Israeli Rights Group B’Tselem Now Off Limits for National Civilian Service

National service chief accuses group of 'acting against the state and its soldiers'; B’Tselem blasts 'dangerous attack by a government authority.’

Gili Cohen
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During the war, B'Tselem highlighted the plight of children in Gaza. Credit: Reuters
Gili Cohen

Young Israelis will no longer be able to choose B’Tselem as a place to do national civilian service instead of army service, the national-service chief said this week after accusing the rights group of acting “against the state and its soldiers.”

In a letter to B’Tselem director Hagai Elad, Sar-Shalom Jerbi said his decision came in the wake of the . B’Tselem, whose full name is B’Tselem: The Israeli Information Center for Human Rights in the Occupied Territories, sought to of dead Palestinian children during the 29 days of fighting.   

“I feel obligated to exercise my authority and discontinue state assistance to an organization that acts against the state and its soldiers, who are literally sacrificing their lives in supreme heroism to ensure the welfare and security of all citizens from all sectors suffering for years from firing on their homes,” Jerbi wrote.

National civilian service has slots for volunteers at organizations on both sides of the political spectrum, such as anti-abortion group Efrat on the right and Hotline for Migrant Workers on the left. B’Tselem has one slot for a national-service volunteer, which it received in 2012.

During discussions on a bill in January, Jerbi said national civilian service would be available “only to bodies that do not subvert the existence of the state as a Jewish and democratic state.”

In his letter to Elad, Jerbi added that “there is a clear line separating a legitimate political opinion in the Israeli political discourse and the dissemination and publication of lies and slander in Israel and worldwide .... Therefore I see no possibility of continuing to approve your organization as a participating body in the national civilian service, which receives assistance from the State of Israel.”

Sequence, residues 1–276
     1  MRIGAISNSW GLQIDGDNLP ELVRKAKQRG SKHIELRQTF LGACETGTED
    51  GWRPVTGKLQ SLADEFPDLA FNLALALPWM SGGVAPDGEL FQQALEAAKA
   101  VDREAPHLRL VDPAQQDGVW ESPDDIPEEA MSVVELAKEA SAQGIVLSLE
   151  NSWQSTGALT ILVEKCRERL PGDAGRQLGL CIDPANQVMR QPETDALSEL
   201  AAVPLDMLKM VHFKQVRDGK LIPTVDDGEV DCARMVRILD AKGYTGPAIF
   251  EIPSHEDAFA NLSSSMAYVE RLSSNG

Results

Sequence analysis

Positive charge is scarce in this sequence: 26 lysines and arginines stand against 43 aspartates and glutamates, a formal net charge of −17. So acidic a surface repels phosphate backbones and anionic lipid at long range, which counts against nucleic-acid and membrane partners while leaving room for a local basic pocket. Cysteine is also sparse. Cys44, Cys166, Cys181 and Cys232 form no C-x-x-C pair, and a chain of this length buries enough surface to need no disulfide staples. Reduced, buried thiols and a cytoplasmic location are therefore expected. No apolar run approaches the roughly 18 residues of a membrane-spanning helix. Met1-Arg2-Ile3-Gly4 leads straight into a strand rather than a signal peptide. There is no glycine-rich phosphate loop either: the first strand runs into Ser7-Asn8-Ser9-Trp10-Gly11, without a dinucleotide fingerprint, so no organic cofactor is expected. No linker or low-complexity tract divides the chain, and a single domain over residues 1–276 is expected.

B’Tselem said Jerbi’s move “increases the flames of intolerance.”

“The announcement by Sar-Shalom Jerbi, which we doubt was authoritative, reflects a negative exploitation of his administrative job for the purpose of improper political persecution. This is a dangerous attack by a government authority on a human-rights organization,” B’Tselem said.

“Mr. Jerbi goes too far and calls the dissemination of information about human-rights violations during wartime ‘treason,” and increases the flames of intolerance that have poisoned the public atmosphere in Israel. By doing so, Mr. Jerbi joins the dubious club of those inciting to harm anyone who expresses opinions that could be interpreted as criticism.”

According to B’Tselem, “the significance of Mr. Jerbi’s grave act is to give the government permission to forbid the employment of national-service volunteers by any organization whose opinions he doesn’t like.”

The legal adviser to the Association for Civil Rights in Israel sent a letter to Jerbi warning that if he did not reverse his decision, ACRI would challenge it before the High Court of Justice.

"The cancellation of B'Tselem's [National Service] authorization violates basic legal principles and harms the vital defense of human rights," wrote attorney Dan Yakir in the letter to Jerbi. "It should be noted that the decision also violates basic principles of administrative law and the right to due process, as it was taken without B'Tselem having the opportunity to respond to the evidence on which the decision was based, and in violation of clause 17 of the National-Civilian Service Law (2014), We hereby demand that you announce without delay the cancellation of your decision, in order to avoid a petition to the High Court of Justice."